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There are a number of situation in which you are interested in a measure of total dissolved solids (=TDS) in water. For example:
Drinking water: The TDS number will tell you what quantity of other substances have dissolved into your drinking water. You would like to know what is the quality of your tap water. And if you have a filter (either a reverse osmosis filter, or a faucet filter), the TDS meter will tell you how well it's doing its job.
Hydroponics and Gardening: If you grow plants by hydroponics, the concentration of nutrients in the water is important.
Aquarium owners: Finally, if you have a saltwater aquarium, you will want to know what is optimal for your fish.
In all these situations, you are interested in the concentrations of ions in the water. A TDS meter will help with measuring that. There are a couple of methods by means of which the TDS meters work. Here is a guide to some of the best TDS meters on the market.
TDS can be measured by one of two methods:
1) Gravimetric analysis: This involves adding chemicals to the water to cause the dissolved solids to precipitate out of the water. Another method is by evaporating the water and analyzing what is left. This is very accurate, but also time-consuming.
2) Electrical Conductivity: This works on the principle that how well water conducts electricity depends on the concentration of ions (atoms or molecules with an excess or protons or electrons) in the solution. You place the two electrodes of the TDS meter into the water, and it runs a small current between the electrodes. The more ions in the water, the better it will conduct.
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Calibration: There is a calibration fluid which has a known TDS level. You use that to set your TDS meter. If you see that the TDS meter is giving different readings every time you dip it in the calibration fluid, it must mean that there is a problem with the meter. (People notice that the more expensive meters are worth the investment—the cheaper models will have to be calibrated more often.)
What's in the water: Since TDS meters measure conductivity, they will tell you that there are salts dissolved in the water. But they won't be able to tell you which salts are in the water. And the meter won't be able to tell you about the solids that don't affect the conductivity.
Other uses: You can also use the TDS meter for bottled water. Also, if you are camping and you filter water from a pond or stream with a camping filter, it can help you know whether it's safe to drink.
For Drinking Water: If you have a reverse-osmosis filter in your home for your drinking water, you may want a TDS meter to see if the filter is working well. The filter should be replaced every 6 months or so—but if you live in a place with hard water, your filter may work harder, and maybe you should replace the filter more often. Besides the filter, there is also the membrane of the system that might have to be replaced.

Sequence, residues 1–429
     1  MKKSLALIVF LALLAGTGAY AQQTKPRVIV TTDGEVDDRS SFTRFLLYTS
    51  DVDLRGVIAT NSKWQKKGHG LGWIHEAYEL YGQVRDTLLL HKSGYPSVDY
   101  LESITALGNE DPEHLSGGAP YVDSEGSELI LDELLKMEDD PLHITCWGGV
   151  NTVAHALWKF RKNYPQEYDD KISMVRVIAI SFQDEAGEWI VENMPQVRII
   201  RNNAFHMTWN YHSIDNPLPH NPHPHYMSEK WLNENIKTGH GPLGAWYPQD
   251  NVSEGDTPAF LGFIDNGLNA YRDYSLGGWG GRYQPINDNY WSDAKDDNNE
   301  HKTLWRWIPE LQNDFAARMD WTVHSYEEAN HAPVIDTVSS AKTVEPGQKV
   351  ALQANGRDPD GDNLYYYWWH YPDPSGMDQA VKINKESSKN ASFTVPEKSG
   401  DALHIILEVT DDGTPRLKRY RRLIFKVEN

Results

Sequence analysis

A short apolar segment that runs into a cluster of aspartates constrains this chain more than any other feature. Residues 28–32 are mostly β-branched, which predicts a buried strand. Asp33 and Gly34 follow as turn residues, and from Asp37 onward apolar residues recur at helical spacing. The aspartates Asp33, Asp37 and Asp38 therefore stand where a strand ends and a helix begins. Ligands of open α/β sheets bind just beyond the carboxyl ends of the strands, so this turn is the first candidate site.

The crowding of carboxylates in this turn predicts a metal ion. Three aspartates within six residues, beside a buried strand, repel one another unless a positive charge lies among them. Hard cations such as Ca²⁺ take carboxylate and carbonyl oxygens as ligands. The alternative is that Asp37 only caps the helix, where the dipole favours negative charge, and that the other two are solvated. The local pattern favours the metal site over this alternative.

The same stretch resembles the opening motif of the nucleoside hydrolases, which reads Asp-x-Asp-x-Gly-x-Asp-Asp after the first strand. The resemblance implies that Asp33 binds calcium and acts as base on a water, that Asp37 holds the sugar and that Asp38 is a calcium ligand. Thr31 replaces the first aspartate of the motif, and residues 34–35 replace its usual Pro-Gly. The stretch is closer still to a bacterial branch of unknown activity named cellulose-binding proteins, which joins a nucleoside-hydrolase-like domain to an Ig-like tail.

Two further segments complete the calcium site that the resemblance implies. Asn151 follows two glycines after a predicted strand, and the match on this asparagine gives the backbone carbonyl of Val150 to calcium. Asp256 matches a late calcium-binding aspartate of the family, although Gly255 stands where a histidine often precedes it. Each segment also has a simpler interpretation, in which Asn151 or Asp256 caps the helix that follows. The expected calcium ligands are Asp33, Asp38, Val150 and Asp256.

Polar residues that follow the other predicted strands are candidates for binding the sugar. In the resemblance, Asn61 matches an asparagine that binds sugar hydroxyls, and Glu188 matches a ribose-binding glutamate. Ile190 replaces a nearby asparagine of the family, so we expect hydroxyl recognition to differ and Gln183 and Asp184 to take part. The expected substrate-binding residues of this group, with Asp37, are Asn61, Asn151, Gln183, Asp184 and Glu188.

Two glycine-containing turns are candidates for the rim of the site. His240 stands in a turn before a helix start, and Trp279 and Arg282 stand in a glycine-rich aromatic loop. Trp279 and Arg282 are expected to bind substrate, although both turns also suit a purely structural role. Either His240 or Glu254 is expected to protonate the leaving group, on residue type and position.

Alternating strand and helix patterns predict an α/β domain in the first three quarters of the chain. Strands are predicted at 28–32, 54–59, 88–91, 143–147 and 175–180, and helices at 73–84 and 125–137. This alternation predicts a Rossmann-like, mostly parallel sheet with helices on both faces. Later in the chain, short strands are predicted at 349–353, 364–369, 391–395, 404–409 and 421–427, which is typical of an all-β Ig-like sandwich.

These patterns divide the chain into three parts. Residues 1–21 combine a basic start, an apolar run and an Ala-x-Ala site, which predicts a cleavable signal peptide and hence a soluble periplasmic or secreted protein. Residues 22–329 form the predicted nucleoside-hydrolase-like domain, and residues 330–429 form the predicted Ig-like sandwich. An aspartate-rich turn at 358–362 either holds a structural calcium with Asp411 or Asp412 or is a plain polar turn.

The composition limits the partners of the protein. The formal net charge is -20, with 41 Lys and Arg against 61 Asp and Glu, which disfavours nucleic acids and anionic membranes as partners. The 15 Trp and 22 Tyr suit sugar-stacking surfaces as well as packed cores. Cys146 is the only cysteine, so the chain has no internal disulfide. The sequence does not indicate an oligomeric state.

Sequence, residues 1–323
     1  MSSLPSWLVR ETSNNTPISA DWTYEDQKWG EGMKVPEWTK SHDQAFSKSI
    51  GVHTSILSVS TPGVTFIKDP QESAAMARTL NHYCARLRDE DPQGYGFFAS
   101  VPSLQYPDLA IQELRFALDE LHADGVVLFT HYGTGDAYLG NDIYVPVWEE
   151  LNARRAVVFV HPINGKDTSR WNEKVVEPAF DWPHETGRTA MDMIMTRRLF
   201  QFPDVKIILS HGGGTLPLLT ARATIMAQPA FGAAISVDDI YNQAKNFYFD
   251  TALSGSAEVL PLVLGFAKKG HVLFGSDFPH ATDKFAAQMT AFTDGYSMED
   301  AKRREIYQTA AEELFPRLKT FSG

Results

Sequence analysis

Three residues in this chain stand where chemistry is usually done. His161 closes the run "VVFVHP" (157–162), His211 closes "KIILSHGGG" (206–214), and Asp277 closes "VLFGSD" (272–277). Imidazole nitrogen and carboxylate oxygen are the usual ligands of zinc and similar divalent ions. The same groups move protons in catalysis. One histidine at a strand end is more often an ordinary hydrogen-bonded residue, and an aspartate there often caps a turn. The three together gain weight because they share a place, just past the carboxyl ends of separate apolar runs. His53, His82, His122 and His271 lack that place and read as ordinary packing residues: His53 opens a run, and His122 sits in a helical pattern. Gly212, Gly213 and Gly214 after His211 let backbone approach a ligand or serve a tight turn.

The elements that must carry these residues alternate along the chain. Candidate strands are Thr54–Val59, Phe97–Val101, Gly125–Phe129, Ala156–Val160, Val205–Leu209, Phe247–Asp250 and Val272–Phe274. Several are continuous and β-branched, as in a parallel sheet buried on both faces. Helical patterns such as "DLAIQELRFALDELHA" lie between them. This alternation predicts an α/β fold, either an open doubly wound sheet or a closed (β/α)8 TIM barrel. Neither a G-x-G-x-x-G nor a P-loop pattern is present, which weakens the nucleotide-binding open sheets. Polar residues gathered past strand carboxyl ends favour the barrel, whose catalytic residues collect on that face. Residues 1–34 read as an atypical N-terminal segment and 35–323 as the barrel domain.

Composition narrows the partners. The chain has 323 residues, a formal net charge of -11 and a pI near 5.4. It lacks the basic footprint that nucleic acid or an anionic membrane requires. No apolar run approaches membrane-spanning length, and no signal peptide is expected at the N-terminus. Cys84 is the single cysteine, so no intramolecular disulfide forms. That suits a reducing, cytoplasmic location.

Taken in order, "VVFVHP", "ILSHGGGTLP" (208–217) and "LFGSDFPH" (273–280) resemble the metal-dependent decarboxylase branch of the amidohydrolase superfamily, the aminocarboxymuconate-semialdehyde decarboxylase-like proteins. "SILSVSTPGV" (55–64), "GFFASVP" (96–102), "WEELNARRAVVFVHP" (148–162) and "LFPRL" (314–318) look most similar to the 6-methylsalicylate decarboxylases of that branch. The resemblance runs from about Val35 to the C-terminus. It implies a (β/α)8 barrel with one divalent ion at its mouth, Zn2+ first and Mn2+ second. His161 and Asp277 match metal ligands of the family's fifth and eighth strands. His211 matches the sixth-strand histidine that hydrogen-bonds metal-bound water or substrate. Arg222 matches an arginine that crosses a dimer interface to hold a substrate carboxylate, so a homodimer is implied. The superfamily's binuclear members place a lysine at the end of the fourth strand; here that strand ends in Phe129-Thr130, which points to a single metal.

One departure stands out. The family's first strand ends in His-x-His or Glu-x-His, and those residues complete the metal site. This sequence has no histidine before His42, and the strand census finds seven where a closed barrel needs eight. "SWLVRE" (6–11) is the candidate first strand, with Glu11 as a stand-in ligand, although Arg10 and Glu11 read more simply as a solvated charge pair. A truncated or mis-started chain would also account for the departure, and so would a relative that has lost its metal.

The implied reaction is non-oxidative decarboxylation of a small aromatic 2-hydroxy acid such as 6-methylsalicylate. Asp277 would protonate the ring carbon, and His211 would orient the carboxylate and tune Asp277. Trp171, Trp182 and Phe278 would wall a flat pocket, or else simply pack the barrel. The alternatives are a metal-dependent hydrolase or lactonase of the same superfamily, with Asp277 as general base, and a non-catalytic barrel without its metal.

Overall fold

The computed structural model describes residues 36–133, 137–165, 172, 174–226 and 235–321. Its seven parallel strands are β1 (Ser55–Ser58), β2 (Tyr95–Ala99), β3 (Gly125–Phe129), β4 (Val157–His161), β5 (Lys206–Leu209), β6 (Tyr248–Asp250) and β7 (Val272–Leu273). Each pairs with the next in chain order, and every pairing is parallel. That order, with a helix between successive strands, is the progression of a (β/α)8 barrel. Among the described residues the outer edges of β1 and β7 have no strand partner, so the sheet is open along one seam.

How to use the TDS meter for your drinking water: The way to use the meter is to read the TDS figure in parts per million (ppm) on your regular tap water, and compare it with the TDS figure for you filtered water. If the ratio of TDS filtered/TDS tap water = 0.10, that means that 90% of the solids in the water are being filtered out. That's good performance. If that ratio is 0.20 or more, it means that the filter already isn't doing a very good job. You should replace the filters, or even the membranes of the filter.
Conversion factors: The TDS meter essentially measures electrical conductance (=EC). Electrical conductance is measured in the unit siemens, or millisiemens (1/1000 siemen) or even microsiemens (1/1 million siemens). Different salts and ions will conduct electricity differently. The TDS meter will convert the EC figure based on some sort of approximation of the different salts found in the water. If the scale on your TDS meter gives you a reading of electrical conductance of 600 microsiemens, it will convert to 420 parts per million (=ppm) of dissolved solids. (You multiply by 0.7, which is assuming an average combination of different salts in the water: 40% sodium sulfate, 40% sodium bicarbonate, and 20% sodium chloride. There are other conversion factors, assuming having salts of one type more than another.)
Combination meters: People who have a few aquariums measure the water's TDS level, as well as the temperature, and maybe some other figures as well. (They want to know what temperature and salt level is optimal for their fish.) Look for TDS meters that can give you those other parameters as well.
HM Digital-- was established in 1987, under the name Heemang Electronics, and are located in Culver City, California. They make water testing and monitoring equipment for water treatment and purification systems.
M&A Instruments-- are manufacturers of industrial and scientific meters. They are located in Arcadia, California.
Hanna Instruments—was founded in 1978 in Limena, Italy by Oscar and Anna Nardo. They are leaders in the development of electro-analytical instrumentation. They make pH meters, photometers, titrators, colorimeters, refractometers, and more.
Milwaukee—is a manufacturer of measuring instruments and meters. Their headquarters is in Rocky Mount, North Carolina.